1918 - 2012
Joseph Roger passed away on September 3, 2012, in his 94th year. He was a major epileptologist of his time, the founder of a school with pupils from all over the world, and had a remarkable personality. Although he had been hit by a severe health problem in 1993, he remained active, at least nationally, into his eighties. He leaves behind his wife and three sons, and a huge following of epileptologists.
Joseph Roger ("Jo" to friends and colleagues) was born in 1918. He began his medical studies at Marseille but the second World War interrupted them. He was active in the French Resistance and received several prestigious decorations for his military actions. He refused a political career, resumed his studies and graduated from Marseille University as a neuropsychiatrist in 1948. Epilepsy quickly became his main interest, in all its aspects: clinical, neurophysiological, pharmacological, psychopathological, social. He was also a well-rounded neurologist, with a recognized competence in legal aspects of neurology, and served as an expert in the field during his whole active professional life, keeping an active private practice until his official retirement, at age 75.
He had a passionate interest in two main topics: progressive myoclonus epilepsies (PME), focusing on Lafora disease and Unverricht-Lundborg disease, and seizure and epilepsy classification. In 1968, he reported on the so-called “Ramsay Hunt syndrome”, at the French Neurology Society meeting, delineating the features of Unverricht-Lundborg disease, that had been hidden by decades of sterile controversies.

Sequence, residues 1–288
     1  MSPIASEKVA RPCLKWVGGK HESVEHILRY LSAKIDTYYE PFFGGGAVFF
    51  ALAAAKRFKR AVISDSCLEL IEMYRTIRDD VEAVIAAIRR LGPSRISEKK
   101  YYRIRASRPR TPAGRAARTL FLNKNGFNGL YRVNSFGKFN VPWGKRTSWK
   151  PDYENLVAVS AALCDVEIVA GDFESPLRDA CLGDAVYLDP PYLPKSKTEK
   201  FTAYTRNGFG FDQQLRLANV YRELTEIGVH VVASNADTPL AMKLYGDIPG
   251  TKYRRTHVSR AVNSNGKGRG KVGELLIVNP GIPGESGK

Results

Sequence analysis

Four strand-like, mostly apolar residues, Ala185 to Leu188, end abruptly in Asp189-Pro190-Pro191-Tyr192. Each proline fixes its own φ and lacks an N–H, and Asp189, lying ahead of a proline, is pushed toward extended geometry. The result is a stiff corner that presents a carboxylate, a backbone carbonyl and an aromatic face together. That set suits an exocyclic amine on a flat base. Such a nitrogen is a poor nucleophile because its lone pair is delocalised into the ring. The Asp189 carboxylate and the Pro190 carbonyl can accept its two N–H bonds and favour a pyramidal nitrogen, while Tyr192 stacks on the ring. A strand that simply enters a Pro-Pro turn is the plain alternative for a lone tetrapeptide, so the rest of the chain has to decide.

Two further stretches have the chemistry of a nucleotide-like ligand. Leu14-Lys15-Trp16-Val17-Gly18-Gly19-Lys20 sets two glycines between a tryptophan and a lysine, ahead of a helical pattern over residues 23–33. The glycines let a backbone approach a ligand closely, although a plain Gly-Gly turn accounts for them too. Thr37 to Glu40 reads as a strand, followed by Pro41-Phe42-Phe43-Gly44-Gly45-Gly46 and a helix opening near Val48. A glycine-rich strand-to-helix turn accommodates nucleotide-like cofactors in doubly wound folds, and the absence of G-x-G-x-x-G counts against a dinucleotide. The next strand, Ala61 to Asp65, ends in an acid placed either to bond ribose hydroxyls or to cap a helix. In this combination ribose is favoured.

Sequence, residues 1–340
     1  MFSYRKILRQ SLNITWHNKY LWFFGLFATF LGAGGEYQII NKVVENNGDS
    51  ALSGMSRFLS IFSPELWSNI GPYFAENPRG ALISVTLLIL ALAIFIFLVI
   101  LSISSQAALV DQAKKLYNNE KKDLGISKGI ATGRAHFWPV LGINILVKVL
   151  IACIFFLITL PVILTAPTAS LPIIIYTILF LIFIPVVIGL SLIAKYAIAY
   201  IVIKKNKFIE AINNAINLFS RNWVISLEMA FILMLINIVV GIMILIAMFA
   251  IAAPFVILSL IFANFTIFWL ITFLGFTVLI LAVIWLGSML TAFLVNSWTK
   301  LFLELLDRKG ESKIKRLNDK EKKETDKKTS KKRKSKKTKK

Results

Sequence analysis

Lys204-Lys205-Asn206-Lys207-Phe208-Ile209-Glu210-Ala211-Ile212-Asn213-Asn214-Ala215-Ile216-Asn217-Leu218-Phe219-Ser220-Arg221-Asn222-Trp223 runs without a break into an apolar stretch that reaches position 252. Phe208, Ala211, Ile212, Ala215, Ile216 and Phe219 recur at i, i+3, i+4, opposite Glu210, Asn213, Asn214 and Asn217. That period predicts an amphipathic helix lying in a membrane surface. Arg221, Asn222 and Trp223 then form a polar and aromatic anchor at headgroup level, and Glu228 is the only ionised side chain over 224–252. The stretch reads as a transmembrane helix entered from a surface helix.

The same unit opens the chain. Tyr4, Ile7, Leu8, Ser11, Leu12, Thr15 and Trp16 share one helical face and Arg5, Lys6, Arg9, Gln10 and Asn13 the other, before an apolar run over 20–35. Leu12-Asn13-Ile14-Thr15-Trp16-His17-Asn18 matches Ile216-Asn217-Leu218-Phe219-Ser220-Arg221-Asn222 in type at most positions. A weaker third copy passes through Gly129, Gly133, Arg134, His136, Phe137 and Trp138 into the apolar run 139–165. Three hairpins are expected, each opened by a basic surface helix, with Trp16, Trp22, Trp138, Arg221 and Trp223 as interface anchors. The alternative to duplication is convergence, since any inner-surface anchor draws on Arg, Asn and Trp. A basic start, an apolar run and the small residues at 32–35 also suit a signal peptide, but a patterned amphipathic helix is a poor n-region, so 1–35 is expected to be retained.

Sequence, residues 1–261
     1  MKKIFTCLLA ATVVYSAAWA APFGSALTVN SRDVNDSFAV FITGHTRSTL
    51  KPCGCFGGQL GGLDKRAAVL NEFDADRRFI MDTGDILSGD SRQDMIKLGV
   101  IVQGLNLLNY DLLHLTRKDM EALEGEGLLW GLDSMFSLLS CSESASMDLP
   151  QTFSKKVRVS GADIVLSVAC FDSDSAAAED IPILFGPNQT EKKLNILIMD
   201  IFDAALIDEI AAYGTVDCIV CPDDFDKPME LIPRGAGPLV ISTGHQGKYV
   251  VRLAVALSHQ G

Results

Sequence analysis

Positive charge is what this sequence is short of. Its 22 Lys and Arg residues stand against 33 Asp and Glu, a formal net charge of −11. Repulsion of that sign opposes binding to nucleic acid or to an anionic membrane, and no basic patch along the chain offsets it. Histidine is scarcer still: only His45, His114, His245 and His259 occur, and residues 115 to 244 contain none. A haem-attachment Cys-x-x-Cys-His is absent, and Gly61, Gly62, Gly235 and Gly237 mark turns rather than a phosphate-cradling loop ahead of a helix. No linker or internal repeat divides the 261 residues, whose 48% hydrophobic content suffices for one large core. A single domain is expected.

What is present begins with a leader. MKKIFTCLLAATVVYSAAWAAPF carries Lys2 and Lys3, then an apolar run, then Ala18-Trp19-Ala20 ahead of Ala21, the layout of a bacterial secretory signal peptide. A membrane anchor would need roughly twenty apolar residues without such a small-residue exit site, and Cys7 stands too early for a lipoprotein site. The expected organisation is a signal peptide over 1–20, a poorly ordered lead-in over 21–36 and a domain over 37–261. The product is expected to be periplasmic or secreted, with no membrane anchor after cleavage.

In the following years, there were numerous discussions with the Montreal and the Finnish schools which reached clarification during an international workshop on PME which he organized in Marseille in 1989, resulting in the Marseille Consensus (1990). Joseph Roger also was the international promoter of the concept of epileptic syndromes. During his tenure as Chair of the International league against epilepsy (ILAE) Commission on classification and nomenclature, he organized several international workshops at Marseille, and introduced, with the help of Fritz Dreifuss and Peter Wolf, among many others, the new ILAE 1989 classification. The “Blue Guide” on Epileptic Syndromes in Infancy, Childhood and Adolescence, first published in 1984, and renewed in its 5th edition (the first without his direct participation) in 2012, made his approach accessible to the many. This book was published in French and English, with an illustrative DVD, and translated into Japanese and Chinese.
He had a major interest in the social aspects of epilepsy. In 1960, in collaboration with Henri Gastaut, Anne Beaumanoir and Germaine Poinso-Chapuis, a former minister of Health, he created the Centre Saint-Paul, for the diagnosis, treatment and education of children and adolescents with epilepsy , and remained its Medical Director for nearly thirty years, taking over from Gastaut in 1968. There he developed the epileptology teaching and the clinical research which shined forth all over the world.